Want To Bet? (Have Fun, But Don’t Kid Yourself)
Investing is often mistaken for speculating and speculating is often sold as a type of prudent investing, which it is definitely not. Speculating (gambling) is a winner takes all proposition. We call these games -where either I win and you lose, or you win and I lose- zero sum games. Flipping a coin is the simplest and fairest (both sides have an even chance of winning) example of a zero sum game. As games they can be entertaining, but very few of us think a “zero sum” outcome is an acceptable bet to make with our financial future.
Speculating Is Not Investing
Would you flip a coin once to bet your whole nest egg? Of course not. What about breaking that big bet up into many smaller ones? Well, in the long run in a fair game, both players should end up even, so aside from entertaining yourself, why bother?
Now imagine a game where both players pay a flipper a penny each time to flip the coin for them. If they play the game long enough, the flipper will own most or all of both of their nest eggs. In casino gambling, we call the flipper the house and in the long run, the house always wins. In financial services, we call the flipper the broker (prophetic isn’t it) and if you speculate, they always win, too.
While many investors would not think twice about turning down a chance to have the house flip coins in a fair game. They actually play a game called “market timing” that may be even more foolish. Every time they become fearful and pull funds out of the market, they are making a bet (against the whole world of investors and speculators) that the market will go down and that they will know when to get back in. A willingness to pull out of the market for such a short-term bet also implies that when they eventually buy back in, they will be betting that the market will go up in just the short term. If they lose that short term bet, they will place yet another by pulling out again. Since the house wins every time, for the majority (even in casinos and lotteries there are a few winners) of players it is a vicious cycle on a downward spiral. Are we having fun yet?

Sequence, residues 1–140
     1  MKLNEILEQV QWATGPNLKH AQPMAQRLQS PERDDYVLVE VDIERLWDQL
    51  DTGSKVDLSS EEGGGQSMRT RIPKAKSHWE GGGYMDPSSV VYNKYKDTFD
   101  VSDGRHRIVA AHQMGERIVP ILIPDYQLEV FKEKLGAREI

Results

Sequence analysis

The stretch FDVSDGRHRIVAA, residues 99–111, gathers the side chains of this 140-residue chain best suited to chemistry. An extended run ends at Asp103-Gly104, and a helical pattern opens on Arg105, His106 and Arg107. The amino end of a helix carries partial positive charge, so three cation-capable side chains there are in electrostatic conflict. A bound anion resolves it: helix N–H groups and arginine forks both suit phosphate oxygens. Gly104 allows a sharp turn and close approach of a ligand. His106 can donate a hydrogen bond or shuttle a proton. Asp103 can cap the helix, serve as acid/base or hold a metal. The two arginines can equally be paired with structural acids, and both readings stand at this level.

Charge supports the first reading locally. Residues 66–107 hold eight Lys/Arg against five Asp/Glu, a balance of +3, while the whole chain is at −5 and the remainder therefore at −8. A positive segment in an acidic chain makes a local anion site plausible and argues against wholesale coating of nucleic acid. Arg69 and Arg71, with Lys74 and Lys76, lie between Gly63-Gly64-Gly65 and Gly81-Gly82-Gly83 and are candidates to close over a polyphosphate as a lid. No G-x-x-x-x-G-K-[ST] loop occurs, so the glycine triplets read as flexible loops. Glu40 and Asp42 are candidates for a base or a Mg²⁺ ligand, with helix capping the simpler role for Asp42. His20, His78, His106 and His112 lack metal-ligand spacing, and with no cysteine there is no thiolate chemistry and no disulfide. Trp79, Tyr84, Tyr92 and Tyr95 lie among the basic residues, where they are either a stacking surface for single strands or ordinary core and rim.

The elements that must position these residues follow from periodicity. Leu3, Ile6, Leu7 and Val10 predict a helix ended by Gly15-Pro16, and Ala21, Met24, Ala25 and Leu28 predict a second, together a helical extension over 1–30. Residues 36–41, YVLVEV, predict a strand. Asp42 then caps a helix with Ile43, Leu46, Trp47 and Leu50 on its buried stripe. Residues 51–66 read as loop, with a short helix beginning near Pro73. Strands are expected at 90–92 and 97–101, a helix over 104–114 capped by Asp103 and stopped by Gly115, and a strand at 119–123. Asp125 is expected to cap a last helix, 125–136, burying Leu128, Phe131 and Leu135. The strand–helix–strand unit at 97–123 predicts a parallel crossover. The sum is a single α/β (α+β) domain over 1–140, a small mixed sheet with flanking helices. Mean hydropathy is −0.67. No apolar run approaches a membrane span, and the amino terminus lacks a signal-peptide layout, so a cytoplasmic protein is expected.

But wait, it gets even worse! Because the small investor’s market timing bet is not even a fair one where both players have an even chance. There is plenty of excellent academic research, like Burton Malkiel’s A Random Walk Down Wall Street, to indicate that the short term movements of the markets are unpredictable for even the “best” active (vs. passive) mutual fund managers. I suspect the average investor has even less of a chance betting against, high frequency trades placed on public and private exchanges by super computers running proprietary quantitative models. And, I know, that the individual investor pays the broker more for each trade than the pro’s do. The inevitable downward spiral of the fair game can become a fast flush when the gaming tables are tilted against you. For more proof, Google Dalbar’s excellent research to see how much profit the average investor has flushed away by attempting market timing.
COMING NEXT Week: Investing Is Not Speculating